Astrobotic has finally offered a good look at the vehicle that will carry scientific payloads to the lunar surface. The company has revealed the finished version of the Peregrine Moon lander ahead of its launch in the fourth quarter of the year. It's an externally simple design that resembles an upside-down pot, but that will be enough to carry 24 missions that include 11 NASA items, a Carnegie Mellon rover, private cargo and even "cultural messages" from Earth.
Peregrine is slightly over six feet tall and can hold up to 100 kilograms (about 220 pounds on Earth). More importantly for customers, it's relatively cheap— it'll cost $1.2 million per kilogram to ferry payloads to the Moon's surface ($300,000 to orbit). That sounds expensive, but it's a bargain compared to the cost of rocket launches. SpaceX is currently charging $67 million for each Falcon 9 launch, and that 'only' reaches Earth orbit.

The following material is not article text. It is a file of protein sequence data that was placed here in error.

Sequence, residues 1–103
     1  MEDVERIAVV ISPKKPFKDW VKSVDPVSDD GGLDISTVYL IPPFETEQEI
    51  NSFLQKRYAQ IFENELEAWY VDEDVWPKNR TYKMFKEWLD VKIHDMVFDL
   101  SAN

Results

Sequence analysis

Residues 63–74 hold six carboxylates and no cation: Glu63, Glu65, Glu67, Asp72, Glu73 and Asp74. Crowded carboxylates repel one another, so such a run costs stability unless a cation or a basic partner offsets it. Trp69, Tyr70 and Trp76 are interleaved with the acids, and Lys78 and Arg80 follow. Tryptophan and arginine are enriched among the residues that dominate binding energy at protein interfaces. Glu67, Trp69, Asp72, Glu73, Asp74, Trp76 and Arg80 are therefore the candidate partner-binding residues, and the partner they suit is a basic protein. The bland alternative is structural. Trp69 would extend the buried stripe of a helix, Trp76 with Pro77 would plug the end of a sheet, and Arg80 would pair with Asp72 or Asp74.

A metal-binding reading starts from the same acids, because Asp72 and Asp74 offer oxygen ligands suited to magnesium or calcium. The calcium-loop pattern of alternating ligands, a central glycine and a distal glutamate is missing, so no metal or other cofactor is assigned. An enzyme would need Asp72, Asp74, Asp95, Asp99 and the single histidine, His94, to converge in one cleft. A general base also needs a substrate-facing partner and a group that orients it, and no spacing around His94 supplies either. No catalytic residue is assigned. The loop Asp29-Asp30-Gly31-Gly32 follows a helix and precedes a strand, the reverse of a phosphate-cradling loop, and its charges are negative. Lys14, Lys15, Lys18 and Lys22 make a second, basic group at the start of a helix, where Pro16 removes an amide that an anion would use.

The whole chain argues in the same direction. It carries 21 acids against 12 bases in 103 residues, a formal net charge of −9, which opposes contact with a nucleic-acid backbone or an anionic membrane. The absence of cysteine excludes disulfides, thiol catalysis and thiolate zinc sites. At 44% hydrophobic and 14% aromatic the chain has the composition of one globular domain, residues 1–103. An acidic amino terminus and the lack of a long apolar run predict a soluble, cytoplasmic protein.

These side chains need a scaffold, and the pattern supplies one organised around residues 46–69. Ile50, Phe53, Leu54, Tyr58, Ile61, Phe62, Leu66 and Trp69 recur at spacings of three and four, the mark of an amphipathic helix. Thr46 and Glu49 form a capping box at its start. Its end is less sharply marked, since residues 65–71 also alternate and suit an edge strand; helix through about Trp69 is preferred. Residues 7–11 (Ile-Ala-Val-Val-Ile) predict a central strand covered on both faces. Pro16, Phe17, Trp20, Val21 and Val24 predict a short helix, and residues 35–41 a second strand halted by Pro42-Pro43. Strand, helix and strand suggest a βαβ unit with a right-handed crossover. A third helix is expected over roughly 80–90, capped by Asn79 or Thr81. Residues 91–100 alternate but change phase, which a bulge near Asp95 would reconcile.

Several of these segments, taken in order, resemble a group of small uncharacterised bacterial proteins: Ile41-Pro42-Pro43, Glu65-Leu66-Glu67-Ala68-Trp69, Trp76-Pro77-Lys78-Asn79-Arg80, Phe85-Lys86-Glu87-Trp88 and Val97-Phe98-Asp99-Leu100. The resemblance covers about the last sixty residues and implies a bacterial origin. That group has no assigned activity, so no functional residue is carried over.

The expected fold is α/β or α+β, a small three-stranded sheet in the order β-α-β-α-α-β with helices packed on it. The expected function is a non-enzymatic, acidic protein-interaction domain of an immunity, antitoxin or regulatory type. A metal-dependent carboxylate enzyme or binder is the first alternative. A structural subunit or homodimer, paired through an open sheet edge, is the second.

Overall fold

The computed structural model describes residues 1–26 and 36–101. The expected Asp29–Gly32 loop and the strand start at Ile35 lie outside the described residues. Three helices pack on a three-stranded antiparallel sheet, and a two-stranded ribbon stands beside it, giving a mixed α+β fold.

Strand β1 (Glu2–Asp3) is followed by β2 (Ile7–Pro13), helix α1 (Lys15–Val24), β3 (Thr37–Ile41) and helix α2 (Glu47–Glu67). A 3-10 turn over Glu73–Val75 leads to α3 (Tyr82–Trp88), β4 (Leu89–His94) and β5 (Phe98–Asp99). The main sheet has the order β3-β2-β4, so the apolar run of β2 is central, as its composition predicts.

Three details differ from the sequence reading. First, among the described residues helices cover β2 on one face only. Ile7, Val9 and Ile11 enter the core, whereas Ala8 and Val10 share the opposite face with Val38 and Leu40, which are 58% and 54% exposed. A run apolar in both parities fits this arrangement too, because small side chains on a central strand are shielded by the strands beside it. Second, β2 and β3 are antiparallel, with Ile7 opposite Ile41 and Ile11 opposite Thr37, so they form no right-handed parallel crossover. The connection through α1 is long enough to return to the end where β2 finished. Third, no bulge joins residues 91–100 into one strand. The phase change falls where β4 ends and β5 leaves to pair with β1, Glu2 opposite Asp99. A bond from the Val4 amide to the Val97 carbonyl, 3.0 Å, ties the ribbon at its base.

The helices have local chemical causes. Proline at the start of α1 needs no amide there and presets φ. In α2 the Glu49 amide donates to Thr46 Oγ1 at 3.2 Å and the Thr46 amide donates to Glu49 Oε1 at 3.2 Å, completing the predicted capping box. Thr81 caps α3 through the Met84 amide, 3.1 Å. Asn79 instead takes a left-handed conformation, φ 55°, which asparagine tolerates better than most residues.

The Astrobotic team still has to finish integrating payloads, conduct environmental testing and ship Peregrine to Cape Canaveral, where it will launch aboard a ULA Vulcan Centaur rocket. The payloads are already integrated into the flight decks, however.
The machine should make history if and when it's successful. Peregrine is expected to be the first US spacecraft to (properly) land on the Moon since the Apollo program ended. Past missions like Lunar Prospector, LCROSS, GRAIL and LADEE all ended with deliberate crashes. Astrobotic's effort won't be quite as momentous as the crewed Artemis landing, but it will help mark humanity's renewed interest in a lunar presence.